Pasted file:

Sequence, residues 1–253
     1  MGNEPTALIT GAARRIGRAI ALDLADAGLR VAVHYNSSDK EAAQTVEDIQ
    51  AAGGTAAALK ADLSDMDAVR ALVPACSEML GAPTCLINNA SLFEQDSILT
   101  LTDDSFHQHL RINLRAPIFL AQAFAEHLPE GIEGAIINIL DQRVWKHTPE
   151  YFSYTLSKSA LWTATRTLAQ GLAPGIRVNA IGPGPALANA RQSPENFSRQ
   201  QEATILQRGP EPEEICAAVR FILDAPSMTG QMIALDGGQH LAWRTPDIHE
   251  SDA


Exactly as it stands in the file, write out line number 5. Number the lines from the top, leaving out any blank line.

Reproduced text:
   151  YFSYTLSKSA LWTATRTLAQ GLAPGIRVNA IGPGPALANA RQSPENFSRQ